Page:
With a potential move to eastern Kansas a possibility in 2022, a portion of 2021 has been dedicated to preparing the Henley hacienda to be placed on the real estate market for sale.
The bulk of the projects have fallen into one of two categories, safety or cosmetic. The safety work was performed not so much to help sell the house in the future, but in an effort right now to keep me in an upright position as much of the time as possible. The cosmetic tasks have been undertaken to enhance the house's curb appeal to potential buyers.
Because I have never been mistaken for someone who is handy with a hammer, saw or leveler, someone had to be brought in to perform the various projects. Fortunately we did not have to look beyond the Henley family tree to find two competent and willing individuals in my oldest son, Caleb, and my wife, Nancy.
Caleb is more than qualified to perform any number of handyman projects since that is how he earns his daily bread at his home over in Illinois. As for my bride, there is a very good reason why she proudly wears the tool belt in the family and not me.
Among the more formidable tasks to be undertaken thus far was replacing some sections of the exterior siding which were starting to become soft.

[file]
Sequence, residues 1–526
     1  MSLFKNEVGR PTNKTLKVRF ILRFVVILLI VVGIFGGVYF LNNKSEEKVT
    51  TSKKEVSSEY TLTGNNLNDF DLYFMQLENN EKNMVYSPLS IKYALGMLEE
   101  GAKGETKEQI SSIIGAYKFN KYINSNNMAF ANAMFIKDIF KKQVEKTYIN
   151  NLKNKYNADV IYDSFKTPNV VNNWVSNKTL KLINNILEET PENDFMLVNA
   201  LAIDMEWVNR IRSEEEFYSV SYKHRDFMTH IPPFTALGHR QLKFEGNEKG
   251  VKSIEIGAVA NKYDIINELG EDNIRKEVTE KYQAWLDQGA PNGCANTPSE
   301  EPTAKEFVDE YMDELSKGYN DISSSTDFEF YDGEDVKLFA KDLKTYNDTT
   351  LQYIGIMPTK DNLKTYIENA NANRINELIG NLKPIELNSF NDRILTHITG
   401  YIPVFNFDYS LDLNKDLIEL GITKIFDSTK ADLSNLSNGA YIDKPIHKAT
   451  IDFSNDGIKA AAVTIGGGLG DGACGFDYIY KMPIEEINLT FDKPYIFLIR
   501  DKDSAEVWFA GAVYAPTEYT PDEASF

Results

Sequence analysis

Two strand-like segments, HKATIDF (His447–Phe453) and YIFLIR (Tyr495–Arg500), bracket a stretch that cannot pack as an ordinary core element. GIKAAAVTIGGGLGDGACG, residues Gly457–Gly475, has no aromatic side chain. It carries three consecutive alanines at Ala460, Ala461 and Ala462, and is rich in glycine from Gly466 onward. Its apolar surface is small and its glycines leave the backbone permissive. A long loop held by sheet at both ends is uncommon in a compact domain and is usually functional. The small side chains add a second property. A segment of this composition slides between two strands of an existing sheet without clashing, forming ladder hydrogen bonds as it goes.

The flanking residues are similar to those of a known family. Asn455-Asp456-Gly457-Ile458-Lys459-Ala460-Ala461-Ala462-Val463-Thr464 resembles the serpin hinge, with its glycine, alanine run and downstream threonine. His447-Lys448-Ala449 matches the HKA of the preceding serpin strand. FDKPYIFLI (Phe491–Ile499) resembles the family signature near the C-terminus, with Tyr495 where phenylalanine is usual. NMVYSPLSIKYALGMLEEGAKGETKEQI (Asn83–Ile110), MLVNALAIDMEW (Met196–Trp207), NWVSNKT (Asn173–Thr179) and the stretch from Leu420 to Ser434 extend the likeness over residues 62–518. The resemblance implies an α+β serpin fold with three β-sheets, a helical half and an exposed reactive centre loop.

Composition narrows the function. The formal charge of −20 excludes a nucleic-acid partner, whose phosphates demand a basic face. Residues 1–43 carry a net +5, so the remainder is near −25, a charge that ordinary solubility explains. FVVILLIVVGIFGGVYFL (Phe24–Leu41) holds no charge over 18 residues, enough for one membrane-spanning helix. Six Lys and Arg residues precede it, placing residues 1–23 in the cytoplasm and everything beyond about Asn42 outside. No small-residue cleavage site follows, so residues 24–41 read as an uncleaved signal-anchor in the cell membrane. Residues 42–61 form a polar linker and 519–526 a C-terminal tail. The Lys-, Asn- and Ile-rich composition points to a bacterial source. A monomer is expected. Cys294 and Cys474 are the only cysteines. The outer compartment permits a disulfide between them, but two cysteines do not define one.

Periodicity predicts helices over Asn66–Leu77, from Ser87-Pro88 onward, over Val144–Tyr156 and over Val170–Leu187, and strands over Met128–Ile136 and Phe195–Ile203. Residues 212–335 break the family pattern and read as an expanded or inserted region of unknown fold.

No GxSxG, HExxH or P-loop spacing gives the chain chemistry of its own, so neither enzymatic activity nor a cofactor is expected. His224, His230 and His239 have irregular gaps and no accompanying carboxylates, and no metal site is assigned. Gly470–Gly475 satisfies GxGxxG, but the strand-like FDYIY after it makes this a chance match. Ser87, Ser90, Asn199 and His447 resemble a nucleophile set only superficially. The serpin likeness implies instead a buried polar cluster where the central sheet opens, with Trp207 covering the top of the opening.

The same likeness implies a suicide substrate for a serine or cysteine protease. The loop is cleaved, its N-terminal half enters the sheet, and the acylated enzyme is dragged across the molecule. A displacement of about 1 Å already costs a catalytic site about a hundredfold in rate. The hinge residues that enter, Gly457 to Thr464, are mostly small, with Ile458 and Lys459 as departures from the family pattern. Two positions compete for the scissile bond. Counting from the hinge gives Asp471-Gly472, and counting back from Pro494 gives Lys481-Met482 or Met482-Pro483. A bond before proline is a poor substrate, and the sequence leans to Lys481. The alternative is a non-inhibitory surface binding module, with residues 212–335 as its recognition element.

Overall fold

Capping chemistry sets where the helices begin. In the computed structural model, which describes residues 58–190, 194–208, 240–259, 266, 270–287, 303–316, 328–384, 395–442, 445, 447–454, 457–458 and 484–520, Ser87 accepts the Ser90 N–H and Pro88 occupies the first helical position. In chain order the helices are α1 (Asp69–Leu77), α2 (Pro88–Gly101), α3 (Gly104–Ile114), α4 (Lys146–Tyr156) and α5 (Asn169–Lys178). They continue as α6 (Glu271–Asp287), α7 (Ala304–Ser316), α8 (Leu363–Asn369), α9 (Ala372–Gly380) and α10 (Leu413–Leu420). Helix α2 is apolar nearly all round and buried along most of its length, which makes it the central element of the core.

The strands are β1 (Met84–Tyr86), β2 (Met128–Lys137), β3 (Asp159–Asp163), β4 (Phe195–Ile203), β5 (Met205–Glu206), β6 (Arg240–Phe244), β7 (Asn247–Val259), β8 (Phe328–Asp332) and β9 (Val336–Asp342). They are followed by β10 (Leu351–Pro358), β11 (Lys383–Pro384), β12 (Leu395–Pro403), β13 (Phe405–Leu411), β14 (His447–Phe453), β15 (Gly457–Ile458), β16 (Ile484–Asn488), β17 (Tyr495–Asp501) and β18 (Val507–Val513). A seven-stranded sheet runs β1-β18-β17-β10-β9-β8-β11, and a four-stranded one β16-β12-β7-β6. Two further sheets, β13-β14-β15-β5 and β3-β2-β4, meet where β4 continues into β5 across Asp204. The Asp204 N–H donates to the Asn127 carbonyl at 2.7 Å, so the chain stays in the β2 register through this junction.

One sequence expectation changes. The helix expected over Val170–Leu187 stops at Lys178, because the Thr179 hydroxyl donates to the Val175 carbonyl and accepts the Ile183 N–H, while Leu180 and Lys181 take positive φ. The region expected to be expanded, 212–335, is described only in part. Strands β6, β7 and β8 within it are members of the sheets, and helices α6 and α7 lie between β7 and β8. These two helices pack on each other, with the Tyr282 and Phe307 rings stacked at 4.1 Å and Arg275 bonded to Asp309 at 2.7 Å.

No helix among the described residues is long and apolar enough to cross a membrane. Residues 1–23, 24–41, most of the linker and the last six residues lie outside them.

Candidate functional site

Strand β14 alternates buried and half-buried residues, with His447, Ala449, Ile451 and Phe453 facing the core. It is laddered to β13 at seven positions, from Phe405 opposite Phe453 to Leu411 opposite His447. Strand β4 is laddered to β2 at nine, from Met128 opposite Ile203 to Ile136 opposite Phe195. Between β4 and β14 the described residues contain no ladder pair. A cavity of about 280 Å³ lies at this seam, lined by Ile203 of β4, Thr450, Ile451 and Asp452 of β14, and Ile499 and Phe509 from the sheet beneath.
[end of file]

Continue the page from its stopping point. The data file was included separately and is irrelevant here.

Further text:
A couple of weeks ago Caleb returned to Hannibal to handle a safety project. Because the railing on either side of the steps leading up to the front porch were showing signs of rust, there was concern that they might not support me when I climbed or descended the steps. Caleb's job was to replace both handrails.
While Caleb began the project anticipating he could replace each side in a week, it quickly became apparent that was not going to happen. After seven days we had a rock solid new railing on one side and a promise from Caleb to return in October and finish side B.
Nancy quickly noted how in need of a fresh coat of paint the remainder of the porch railing was when compared to the new railing. It wasn't long before my sweetie could be found in some old clothes prepping the surface of the existing railing and applying a fresh coat of black paint.
Not long after Nancy had finished painting I found myself wondering how many birds, especially sparrows, would land on the wet paint and depart with black feet.
It does not seem that our porch is as much of a gathering point for sparrows as it once was when we had large, cover-providing bushes growing on both sides of the front steps. At that time it felt as if every sparrow in Hannibal had a spot reserved in those bushes. Consequently, the slightest hint of daylight in the morning would generate a chorus of "peeps" that was impossible to sleep through. And the poo. Who knew such little birds could generate such a large amount of railing-covering crap?
Our sparrow population decreased significantly after we dug out those large bushes several years ago.
Now, however, I assume there are at least a few sparrows flying about the neighborhood with darker-than-normal toes. I wonder if a bird-watching enthusiast will notice them and declare Hannibal the home of a new type of sparrow, perhaps calling it the Blackfoot Flock. Of course I will know the truth regarding the birds' feet, but I will keep it to myself since I try not to ruffle too many feathers.